A reporter will go to an NGO and say, “Tell me about the good work that you’re doing and introduce me to the poor people who represent the kind of help you give.” It serves to streamline the storytelling, but it gives you a lopsided cosmos.
And the best quote:
There’s a moment I describe in the book when Abdul starts talking about what a life is, says something like, “Even a dog has a life. Even if my mother keeps beating me, even if that moment was my entire life, that’s a life.”

4) Robert Reich: It’s Inequality, Stupid - Income inequality is a pressing issue, but you wouldn't know it from watching the RNC in Tampa.

The most troubling economic trend facing America this Labor Day weekend is the increasing concentration of income, wealth, and political power at the very top–among a handful of extraordinarily wealthy people–and the steady decline of the great American middle class. 

Inequality in America is at record levels. The 400 richest Americans now have more wealth than the bottom 150 million of us put together.

Republicans claim the rich are job creators. Nothing could be further from the truth. In order to create jobs, businesses need customers. But the rich spend only a small fraction of what they earn. They park most of it wherever around the world they can get the highest return. 

The real job creators are the vast middle class, whose spending drives the economy and creates jobs.

5) Brandon Lingle: Queen’s Creek - Back from Iraq, a veteran meditates on the past, present, and future of American warfare, and the small creek in Virginia where they all flow together.

The hazy sky, commingled with swamp stench and car exhaust, yanks my mind back to Baghdad. On a certain level I savor the smell of the primordial mud riding the November breeze as our discussion slides toward Mesopotamia. He completed his second Iraq tour a few weeks before I returned from my first, during the death throes of the nine-year odyssey.
“This tour was a joke compared to the first,” he says. “Last time we could shoot back.”
I nod in the dark.
In the past, American forces would fire back on the spots where insurgents launched rockets or mortars toward our bases. More often than not, the bad guys didn’t stick around to watch. Cobbled launchers of scrap iron, batteries, and washing machine timers lobbed their weapons automatically. The U.S. barrage that followed could sometimes kill innocents and destroy their neighborhoods. As Operation Iraqi Freedom shifted toward New Dawn, and Americans left Iraqi cities, the policy shifted too, and we stopped shooting back.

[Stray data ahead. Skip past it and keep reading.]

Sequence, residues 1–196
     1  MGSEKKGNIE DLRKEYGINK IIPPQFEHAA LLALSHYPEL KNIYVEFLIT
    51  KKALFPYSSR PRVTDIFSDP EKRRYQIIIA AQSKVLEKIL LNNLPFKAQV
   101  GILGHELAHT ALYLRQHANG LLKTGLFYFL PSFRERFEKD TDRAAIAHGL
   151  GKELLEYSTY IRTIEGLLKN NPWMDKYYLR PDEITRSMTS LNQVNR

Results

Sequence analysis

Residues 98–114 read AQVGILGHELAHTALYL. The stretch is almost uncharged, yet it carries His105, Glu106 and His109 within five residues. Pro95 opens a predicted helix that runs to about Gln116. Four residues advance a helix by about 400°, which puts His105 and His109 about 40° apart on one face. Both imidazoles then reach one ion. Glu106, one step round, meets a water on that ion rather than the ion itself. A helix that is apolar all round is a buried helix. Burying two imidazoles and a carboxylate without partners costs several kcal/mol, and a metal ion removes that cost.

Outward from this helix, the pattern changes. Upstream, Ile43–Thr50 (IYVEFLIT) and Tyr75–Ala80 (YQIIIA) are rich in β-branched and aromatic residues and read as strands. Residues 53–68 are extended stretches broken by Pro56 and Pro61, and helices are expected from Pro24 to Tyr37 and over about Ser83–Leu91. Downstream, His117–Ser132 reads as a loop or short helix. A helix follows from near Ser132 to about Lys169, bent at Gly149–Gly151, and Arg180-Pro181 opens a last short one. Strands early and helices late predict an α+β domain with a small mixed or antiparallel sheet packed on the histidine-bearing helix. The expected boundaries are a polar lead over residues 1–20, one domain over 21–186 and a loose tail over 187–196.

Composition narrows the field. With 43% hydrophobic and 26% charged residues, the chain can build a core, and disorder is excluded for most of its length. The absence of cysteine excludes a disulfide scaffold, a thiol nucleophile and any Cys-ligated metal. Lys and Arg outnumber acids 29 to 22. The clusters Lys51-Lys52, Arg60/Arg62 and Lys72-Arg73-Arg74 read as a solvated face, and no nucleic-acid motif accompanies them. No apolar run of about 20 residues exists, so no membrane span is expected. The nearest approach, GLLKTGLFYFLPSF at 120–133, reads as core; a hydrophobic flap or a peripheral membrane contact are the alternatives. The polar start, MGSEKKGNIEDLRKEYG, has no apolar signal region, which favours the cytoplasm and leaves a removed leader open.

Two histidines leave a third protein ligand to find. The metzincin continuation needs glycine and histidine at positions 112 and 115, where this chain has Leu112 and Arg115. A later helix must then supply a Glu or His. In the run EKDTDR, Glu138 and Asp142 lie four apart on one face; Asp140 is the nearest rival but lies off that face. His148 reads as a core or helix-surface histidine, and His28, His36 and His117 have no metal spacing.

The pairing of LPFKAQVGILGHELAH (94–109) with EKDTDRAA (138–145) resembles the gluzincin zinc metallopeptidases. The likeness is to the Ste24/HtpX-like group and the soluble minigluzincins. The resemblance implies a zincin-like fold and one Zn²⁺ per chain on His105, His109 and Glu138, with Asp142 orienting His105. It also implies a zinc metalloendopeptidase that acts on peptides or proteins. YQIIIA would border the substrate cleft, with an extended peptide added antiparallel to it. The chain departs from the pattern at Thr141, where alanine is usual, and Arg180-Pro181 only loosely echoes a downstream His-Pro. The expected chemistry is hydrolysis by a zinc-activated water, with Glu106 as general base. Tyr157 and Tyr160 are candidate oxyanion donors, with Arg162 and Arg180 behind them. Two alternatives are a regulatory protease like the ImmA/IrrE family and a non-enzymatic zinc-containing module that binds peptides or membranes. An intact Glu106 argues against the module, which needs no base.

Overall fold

“It doesn’t add up,” he says. “What good is an artillery unit that can’t fire back?”
I begin to think that it’s a good thing his unit wasn’t pummeling neighboring Iraqis, and then I’m ambushed by the reality: it’s much easier to think that way when you’re safe at home on a brisk autumn night.
“Makes about as much sense as carrying unloaded weapons in a warzone,” I say. “Some soldiers didn’t even have their own ammo. The bosses were more afraid of our own guys. Accidental discharge.”
The prospect of endless days of mental, physical, and emotional trials excites him. He hopes to eventually deploy to Afghanistan, or maybe Iraq again.
“We talked, drank tea, and got lots of people hurt and killed.” Some worked to keep the war going, riding around the country on helicopters and selling weapons to Iraqis.
“Can we keep 50,000 troops in Iraq, please? 25,000? 10,000? 5,000? How about 150?.” A pause. “I killed a sixteen-year-old boy,” he says. “Our battalion’s only kill this deployment.”
I stare at his shadow on the dock, and I feel a stab of fall air through my damp t-shirt.
“Outside Kirkuk. Got pinned down by someone taking pot shots,” he says. “We figured out where the shooter was, and the lieutenant colonel froze. He was nearly crying. Lying on the ground. Ordered me to take the shooter out. So, I did. Just a barefoot kid with a rusty AK. He fell in a drainage ditch. I remember the muddy water flowing over his feet.”
Like the vast majority of service members, I’ve never fired a weapon in combat let alone killed anyone. I think about how I’d have reacted.
“Damn dude,” I say. “I’m not sure what to say.”
“It’s okay,” he says. “Maybe I accomplished something while I was over there.”